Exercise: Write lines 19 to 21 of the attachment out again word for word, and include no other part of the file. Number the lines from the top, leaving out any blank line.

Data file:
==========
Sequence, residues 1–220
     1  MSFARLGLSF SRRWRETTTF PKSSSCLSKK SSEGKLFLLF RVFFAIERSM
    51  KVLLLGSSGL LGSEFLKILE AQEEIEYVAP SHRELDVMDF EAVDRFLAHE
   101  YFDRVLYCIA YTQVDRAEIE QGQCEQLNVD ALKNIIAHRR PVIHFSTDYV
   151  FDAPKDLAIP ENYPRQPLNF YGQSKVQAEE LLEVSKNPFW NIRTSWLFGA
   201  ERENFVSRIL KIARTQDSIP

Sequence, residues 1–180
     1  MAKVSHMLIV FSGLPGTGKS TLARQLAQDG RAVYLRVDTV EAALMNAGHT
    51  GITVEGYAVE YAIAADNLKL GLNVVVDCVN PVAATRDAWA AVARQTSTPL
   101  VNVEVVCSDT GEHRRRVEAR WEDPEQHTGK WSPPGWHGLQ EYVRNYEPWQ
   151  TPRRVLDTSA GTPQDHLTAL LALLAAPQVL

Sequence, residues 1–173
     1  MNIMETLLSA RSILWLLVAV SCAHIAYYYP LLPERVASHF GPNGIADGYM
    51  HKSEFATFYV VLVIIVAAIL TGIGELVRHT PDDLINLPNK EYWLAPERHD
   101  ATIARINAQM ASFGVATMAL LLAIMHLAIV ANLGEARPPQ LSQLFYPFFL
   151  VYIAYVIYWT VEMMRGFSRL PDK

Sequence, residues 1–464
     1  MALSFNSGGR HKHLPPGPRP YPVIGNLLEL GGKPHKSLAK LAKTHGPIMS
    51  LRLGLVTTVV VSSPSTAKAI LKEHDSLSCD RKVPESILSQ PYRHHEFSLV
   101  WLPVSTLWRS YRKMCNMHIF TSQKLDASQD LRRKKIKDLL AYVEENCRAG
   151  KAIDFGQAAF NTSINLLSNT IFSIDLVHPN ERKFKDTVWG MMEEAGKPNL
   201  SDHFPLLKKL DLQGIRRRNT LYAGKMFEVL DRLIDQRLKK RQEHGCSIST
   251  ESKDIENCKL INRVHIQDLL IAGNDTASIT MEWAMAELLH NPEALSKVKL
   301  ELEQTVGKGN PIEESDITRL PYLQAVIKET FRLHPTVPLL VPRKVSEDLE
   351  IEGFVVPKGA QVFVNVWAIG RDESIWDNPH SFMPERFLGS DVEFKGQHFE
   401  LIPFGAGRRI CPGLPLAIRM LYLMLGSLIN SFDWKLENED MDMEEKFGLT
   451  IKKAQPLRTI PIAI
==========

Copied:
    51  LRLGLVTTVV VSSPSTAKAI LKEHDSLSCD RKVPESILSQ PYRHHEFSLV
   101  WLPVSTLWRS YRKMCNMHIF TSQKLDASQD LRRKKIKDLL AYVEENCRAG
   151  KAIDFGQAAF NTSINLLSNT IFSIDLVHPN ERKFKDTVWG MMEEAGKPNL